The Miami Marlins have arranged possible trades of Giancarlo Stanton with the St. Louis Cardinals and San Francisco Giants. The question now is whether Stanton will waive his no-trade clause and go along with either.
Over the past two days, representatives for Stanton have met with officials from the Giants, sources said. Stanton's people have received approval for a meeting with the Cardinals, but it's unclear when that meeting will take place, sources said.
By rule, sources affirmed Friday evening, those meetings cannot take place unless the Marlins indicate to Major League Baseball they are closing in on a deal and the league grants permission for the conversations.
But all of that talk will be meaningless unless Stanton agrees. Friends of Stanton say that in his perfect world, he'd get to play for the Los Angeles Dodgers, who inhabit a ballpark less than 20 miles from where the slugger attended high school.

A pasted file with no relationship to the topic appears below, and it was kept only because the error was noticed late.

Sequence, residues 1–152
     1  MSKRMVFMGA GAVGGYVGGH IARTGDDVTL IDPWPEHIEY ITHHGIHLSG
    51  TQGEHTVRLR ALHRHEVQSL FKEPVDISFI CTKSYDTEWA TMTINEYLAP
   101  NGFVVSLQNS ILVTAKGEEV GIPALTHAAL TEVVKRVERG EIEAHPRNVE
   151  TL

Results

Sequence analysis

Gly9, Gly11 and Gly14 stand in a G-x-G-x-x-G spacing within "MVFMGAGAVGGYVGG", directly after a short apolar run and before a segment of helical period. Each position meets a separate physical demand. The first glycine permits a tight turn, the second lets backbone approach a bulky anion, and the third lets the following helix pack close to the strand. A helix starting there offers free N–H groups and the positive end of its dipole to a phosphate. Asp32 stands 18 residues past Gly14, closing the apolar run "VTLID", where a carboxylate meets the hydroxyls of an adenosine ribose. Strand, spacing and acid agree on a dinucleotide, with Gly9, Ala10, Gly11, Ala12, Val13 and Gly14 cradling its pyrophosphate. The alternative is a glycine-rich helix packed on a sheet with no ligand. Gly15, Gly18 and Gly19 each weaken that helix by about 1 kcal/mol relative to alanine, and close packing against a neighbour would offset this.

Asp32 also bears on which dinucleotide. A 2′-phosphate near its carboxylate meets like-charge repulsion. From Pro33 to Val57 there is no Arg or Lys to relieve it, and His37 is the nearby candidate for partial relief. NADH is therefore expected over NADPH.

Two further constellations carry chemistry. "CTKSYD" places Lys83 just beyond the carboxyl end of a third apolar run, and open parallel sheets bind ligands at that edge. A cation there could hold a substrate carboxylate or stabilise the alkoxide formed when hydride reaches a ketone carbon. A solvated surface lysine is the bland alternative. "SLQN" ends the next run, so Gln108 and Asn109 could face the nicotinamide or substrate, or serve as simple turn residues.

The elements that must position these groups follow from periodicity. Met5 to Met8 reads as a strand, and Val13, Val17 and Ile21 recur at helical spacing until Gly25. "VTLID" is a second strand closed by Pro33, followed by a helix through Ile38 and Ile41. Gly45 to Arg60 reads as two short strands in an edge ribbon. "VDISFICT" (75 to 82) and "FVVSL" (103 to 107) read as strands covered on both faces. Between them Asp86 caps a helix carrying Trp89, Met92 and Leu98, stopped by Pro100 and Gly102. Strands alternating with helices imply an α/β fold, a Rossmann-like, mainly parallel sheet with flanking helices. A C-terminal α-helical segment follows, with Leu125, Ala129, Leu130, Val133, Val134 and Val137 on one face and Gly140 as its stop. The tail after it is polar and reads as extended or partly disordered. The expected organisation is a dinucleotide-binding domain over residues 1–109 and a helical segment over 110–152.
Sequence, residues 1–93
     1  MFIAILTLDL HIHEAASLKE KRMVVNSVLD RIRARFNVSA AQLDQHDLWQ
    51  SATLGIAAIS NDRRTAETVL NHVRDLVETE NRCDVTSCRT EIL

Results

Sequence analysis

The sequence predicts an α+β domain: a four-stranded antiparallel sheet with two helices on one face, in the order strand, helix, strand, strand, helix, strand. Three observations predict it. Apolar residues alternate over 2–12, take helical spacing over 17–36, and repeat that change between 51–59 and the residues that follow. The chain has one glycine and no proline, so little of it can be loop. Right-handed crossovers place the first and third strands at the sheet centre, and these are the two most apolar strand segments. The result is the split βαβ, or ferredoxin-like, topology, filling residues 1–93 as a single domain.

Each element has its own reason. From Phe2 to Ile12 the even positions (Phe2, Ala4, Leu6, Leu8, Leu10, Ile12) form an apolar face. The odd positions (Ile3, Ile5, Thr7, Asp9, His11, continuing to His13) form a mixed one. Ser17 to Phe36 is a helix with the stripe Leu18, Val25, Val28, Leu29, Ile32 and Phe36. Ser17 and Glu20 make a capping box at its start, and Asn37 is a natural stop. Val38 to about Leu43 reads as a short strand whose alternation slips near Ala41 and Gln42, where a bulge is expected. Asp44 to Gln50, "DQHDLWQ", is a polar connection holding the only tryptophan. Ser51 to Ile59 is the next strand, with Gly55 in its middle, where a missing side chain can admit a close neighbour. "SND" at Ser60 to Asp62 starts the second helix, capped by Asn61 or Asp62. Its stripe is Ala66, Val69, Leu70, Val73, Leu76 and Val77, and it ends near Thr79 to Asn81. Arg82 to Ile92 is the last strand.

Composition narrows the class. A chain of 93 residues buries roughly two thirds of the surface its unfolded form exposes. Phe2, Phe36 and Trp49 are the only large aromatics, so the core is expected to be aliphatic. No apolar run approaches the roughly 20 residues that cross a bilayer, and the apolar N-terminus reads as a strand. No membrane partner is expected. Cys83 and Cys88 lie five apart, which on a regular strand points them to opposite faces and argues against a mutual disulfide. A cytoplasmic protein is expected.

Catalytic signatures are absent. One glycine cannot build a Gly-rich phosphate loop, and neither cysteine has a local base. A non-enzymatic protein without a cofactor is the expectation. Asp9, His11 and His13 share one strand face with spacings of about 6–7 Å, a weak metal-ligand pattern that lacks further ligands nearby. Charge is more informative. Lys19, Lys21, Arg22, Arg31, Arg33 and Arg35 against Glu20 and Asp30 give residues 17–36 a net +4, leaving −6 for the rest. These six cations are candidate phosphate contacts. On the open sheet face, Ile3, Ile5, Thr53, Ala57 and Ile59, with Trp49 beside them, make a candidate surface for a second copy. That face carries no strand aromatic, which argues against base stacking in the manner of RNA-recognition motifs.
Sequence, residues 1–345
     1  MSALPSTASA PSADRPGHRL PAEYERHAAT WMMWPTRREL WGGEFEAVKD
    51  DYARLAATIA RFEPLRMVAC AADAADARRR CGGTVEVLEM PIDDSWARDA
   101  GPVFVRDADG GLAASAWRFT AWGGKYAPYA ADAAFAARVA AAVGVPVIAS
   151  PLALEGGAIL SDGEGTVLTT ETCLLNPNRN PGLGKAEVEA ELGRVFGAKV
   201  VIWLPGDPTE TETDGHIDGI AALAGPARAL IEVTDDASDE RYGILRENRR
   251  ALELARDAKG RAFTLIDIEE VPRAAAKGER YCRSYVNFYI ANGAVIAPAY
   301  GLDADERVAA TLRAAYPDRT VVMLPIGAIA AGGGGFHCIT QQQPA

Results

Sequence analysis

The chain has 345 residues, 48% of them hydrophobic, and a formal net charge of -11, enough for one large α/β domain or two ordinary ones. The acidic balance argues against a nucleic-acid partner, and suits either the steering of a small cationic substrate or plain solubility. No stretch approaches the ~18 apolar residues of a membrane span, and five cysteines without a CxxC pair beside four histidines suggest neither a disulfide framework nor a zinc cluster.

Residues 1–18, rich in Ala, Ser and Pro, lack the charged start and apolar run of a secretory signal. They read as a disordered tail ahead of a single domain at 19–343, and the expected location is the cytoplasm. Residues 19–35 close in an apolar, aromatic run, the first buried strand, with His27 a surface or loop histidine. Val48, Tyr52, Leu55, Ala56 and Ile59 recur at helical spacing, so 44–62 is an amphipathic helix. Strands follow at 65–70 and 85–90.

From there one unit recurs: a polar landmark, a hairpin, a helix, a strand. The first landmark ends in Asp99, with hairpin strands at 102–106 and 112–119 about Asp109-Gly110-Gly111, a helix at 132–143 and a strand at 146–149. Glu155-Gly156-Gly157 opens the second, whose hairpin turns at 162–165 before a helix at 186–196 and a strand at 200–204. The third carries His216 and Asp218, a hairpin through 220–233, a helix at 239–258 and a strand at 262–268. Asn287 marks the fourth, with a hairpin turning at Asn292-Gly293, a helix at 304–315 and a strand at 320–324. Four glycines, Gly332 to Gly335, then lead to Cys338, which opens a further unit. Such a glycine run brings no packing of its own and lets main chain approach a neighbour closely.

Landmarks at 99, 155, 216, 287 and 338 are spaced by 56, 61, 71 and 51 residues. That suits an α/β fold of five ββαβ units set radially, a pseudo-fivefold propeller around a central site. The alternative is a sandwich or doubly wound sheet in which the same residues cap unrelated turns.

Stanton also is said to be open-minded to listening to ideas. Through the use of his no-trade clause, however, Stanton has the power to box the debt-ridden Marlins into a very difficult decision: Keep him and his $295 million contract, or make a less-than-ideal trade with a team with which he wants to play.
The Dodgers have luxury-tax concerns and have not seriously pursued Stanton to this point, and president of baseball operations Andrew Friedman has demonstrated discipline in his deal-making. Sources say that the Dodgers are monitoring the Stanton talks from afar and are aware that an opportunity with enhanced value might emerge over time if the reigning NL MVP digs in with his no-trade clause.
Agents who don't represent Stanton estimate that a move from Florida to one of the California teams could cost Stanton an additional $20-27 million in state taxes over the 10-year term of his contract.